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What could Radim Zohorna bring to the Penguins in 2021-22?

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A closer look at the rookie center’s 2020-21 AHL campaign.

NHL: Buffalo Sabres at Pittsburgh Penguins
Radim Zohorna warms up before his NHL debut against the Buffalo Sabres on March 25, 2021.
Charles LeClaire-USA TODAY Sports

As the tallest person on the ice, Radim Zohorna was an eye-catching addition to the Penguins from the moment he stepped into PPG Paints Arena to warm up for his NHL debut against the visiting Sabres on March 25, 2021.

Under 18 minutes into the first period, the 25-year-old Czech rookie proved he’d caught those eyes for a reason when he launched a decisive one-timer off of a behind-the-net pass to score the deciding tally of a 4-0 shutout with his first NHL goal.

Zohorna played just eight games with the Penguins in 2020-21 between March 25 and April 18. But with Sidney Crosby and Evgeni Malkin both out for the start of the season, the Penguins are going to need some depth centers— and Zohorna might be just their man.

To learn more about how he would fit onto the Penguins roster, let’s take a look at Zohorna’s debut AHL season. Zohorna registered 11 points (3-8—11) through 12 games with Wilkes-Barre/Scranton in 2020-21, 11 before his NHL debut (Feb. 8 to March 13) and one after (April 3). What elements of his game stood out the most in this stretch?

Zohorna’s shot

His first NHL goal may have been on an expertly-placed one-timer, but Zohorna’s best offense doesn’t come from out in the slot; it’s born from his ability to lift the puck high from right in the blue paint. His shootout goal against visiting Syracuse on March 3 is an excellent example.

Zohorna’s delicate hands give him to ability to roof the puck in close, including on the backhand, and make him a serious threat in the blue paint.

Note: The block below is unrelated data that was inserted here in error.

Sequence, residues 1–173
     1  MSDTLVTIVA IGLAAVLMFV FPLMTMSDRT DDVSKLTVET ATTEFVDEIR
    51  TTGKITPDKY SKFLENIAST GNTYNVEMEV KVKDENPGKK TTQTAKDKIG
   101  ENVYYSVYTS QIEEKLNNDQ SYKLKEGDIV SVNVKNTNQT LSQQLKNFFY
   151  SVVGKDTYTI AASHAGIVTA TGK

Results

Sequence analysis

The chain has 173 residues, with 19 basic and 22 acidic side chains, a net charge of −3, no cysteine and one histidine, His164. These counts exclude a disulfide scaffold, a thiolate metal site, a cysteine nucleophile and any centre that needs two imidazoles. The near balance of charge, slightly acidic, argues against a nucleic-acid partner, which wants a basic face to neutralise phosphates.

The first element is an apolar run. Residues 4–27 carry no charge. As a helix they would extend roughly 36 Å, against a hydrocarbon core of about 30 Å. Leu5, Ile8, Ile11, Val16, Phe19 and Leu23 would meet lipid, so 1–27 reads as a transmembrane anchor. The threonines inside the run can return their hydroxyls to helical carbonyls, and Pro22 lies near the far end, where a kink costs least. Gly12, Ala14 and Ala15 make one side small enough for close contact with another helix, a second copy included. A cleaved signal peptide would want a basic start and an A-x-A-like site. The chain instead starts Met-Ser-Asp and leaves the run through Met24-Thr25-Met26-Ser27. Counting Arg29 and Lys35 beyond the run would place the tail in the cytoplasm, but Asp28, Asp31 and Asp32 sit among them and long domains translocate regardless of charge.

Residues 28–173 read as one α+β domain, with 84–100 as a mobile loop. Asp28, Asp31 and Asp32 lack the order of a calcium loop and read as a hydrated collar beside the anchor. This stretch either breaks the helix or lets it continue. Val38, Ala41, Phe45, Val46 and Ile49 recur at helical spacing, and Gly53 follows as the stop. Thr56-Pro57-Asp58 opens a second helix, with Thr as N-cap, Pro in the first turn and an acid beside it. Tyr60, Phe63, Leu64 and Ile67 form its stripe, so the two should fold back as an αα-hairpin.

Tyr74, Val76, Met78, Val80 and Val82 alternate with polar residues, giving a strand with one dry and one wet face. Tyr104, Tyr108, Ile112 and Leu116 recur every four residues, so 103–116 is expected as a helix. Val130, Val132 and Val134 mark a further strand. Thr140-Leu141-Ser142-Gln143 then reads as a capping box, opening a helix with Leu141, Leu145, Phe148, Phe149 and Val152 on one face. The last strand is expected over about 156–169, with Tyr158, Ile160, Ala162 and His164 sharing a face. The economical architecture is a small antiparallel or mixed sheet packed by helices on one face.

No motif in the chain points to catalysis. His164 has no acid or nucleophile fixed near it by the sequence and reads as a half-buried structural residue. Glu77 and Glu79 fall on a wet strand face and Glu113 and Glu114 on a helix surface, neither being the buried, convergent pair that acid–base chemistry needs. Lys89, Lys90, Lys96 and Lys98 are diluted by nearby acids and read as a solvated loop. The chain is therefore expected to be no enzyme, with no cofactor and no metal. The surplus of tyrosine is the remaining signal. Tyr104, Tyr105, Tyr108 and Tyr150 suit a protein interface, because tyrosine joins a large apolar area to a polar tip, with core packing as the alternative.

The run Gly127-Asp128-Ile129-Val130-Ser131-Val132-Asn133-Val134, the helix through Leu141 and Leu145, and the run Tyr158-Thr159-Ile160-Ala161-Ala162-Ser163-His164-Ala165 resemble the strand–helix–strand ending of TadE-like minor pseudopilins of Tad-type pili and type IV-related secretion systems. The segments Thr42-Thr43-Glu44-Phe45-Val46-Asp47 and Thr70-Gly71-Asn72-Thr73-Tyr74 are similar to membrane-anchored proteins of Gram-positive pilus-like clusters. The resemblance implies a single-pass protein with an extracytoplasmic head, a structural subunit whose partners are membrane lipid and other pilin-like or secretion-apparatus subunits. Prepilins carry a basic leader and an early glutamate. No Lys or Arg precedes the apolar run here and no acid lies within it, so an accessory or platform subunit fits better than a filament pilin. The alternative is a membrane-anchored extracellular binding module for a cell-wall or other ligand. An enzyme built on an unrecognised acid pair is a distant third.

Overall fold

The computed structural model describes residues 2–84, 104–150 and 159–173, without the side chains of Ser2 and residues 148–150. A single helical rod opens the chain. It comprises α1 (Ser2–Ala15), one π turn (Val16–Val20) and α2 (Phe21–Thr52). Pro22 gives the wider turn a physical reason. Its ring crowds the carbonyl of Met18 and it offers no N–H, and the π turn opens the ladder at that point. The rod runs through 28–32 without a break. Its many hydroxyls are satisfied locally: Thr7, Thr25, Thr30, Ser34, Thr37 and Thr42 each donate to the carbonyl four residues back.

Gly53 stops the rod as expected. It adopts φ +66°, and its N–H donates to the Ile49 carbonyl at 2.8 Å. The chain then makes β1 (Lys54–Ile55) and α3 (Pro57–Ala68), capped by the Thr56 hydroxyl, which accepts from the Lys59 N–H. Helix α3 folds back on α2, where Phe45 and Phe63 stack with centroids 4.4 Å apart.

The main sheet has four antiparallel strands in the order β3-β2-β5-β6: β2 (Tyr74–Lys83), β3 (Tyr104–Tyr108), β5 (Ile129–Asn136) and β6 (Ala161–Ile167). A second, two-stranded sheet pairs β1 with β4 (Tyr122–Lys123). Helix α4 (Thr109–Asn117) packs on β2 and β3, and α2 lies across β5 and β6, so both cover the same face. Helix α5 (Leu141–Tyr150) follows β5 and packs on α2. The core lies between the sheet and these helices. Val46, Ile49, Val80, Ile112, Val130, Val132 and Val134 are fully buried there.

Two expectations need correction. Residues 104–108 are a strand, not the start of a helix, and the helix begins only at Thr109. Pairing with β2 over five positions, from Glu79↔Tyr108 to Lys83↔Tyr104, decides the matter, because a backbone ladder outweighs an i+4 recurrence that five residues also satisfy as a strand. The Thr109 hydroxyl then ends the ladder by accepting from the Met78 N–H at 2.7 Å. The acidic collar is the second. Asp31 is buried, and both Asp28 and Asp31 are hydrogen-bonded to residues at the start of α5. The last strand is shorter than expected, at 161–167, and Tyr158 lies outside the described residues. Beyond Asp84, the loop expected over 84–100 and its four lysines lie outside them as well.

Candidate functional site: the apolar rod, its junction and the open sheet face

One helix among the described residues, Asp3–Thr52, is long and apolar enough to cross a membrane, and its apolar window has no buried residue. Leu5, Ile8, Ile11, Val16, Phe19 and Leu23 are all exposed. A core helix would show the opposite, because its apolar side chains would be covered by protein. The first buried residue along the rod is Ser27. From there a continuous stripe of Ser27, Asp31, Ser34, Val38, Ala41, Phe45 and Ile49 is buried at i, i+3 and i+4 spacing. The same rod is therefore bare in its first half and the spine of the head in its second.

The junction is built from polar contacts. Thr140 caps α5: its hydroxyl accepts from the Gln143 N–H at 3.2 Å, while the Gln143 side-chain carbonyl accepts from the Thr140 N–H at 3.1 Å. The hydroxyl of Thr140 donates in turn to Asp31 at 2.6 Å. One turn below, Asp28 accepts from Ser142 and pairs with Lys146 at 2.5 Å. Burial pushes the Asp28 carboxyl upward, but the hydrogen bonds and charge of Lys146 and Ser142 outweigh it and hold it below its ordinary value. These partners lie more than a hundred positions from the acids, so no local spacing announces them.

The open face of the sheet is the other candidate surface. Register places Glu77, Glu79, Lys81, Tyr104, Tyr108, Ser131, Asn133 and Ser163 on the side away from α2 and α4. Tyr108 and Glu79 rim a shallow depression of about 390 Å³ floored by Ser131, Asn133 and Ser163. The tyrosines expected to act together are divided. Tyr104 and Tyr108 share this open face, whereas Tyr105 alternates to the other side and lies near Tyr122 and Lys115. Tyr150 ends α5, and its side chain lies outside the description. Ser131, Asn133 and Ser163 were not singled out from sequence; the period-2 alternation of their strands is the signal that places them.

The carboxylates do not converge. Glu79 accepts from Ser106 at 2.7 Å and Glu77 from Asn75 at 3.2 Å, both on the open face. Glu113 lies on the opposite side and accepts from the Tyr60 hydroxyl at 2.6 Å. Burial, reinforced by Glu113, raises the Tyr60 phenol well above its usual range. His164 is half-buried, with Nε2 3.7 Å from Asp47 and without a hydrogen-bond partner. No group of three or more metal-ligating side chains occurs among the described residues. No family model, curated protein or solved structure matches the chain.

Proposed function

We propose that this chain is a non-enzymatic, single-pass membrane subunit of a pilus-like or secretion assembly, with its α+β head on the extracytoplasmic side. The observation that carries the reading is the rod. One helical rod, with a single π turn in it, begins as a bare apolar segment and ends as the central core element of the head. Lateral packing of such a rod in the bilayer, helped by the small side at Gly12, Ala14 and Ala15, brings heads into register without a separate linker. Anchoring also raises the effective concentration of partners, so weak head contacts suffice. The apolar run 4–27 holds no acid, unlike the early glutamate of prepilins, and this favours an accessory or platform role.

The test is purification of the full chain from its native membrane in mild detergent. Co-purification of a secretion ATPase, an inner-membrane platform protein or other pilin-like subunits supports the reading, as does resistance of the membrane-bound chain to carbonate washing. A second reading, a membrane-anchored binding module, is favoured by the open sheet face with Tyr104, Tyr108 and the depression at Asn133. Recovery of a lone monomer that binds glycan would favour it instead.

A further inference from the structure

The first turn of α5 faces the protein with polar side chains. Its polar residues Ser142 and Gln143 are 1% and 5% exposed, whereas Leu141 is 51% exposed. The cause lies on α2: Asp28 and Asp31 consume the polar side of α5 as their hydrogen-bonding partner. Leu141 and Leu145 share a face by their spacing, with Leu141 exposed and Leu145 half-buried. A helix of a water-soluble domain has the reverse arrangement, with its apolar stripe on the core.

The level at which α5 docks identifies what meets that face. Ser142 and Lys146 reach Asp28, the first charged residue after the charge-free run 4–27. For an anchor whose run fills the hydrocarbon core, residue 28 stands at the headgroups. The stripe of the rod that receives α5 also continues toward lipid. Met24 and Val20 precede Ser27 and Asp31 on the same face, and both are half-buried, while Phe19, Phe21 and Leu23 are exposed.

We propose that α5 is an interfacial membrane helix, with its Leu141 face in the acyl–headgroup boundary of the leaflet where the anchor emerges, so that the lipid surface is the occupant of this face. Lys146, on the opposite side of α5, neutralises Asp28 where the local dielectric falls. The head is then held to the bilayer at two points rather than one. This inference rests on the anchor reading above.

Zohorna’s skating

Part of the reason Zohorna is such a danger down low is because of his long arms, which allow him to sweep the puck around defenders and into the crease. Watch this clip from a clash in Syracuse on Feb. 13. Zohorna uses his prodigious reach to poke-check the puck away from Crunch defenders at the Penguins’ blue line, then lengthens his stride to outstate the defenders to the net.

The clip is at the beginning of the video above.

Although Zohorna’s long steps can beat unprepared opponents to the puck, he is often outpaced by speedy sprinters. There were a plethora of occasions in Wilkes-Barre/Scranton this season where Zohorna lost races on the backcheck. His skating speed is one of his biggest areas for improvement.

Zohorna’s power-play presence

Zohorna spent just over seven minutes on the second power-play unit during his eight-game stint in the NHL, where he recorded one assist and was on the ice for nine Penguins shots against.

Looking at Wilkes-Barre/Scranton’s 2020-21 campaign can give us more hints about what role Zohorna could play if he earns increased man-advantage time with the Penguins.

When everyone on the Penguins’ first power-play unit is healthy, the squad will sometimes keep just Kris Letang at the point, while Crosby and Malkin slide lower down along the sides and Jake Guentzel and Bryan Rust cover the bottom corners.

In contrast, the Baby Penguins usually opted to keep two skaters back at the point— and Zohorna was often one of them. Acting in this role during a Wilkes-Barre/Scranton power play against visiting Hershey on Feb. 11, Zohorna was first to the puck, then took advantage of his size to keep it in the zone.

The clip is at 1:23 of the video above.

When down low, Zohorna sometimes loses his mark, but he serves as a reliable stanchion at the blue line. Although the 220-pound forward doesn’t often use his size for heavy hits, he can effectively box defenders out from reaching the puck.

That quality could improve the ability of the Penguins’ second power-play unit to keep the puck in the offensive zone, if the team decides to take advantage of Zohorna’s league-minimum contract and use him as a depth option.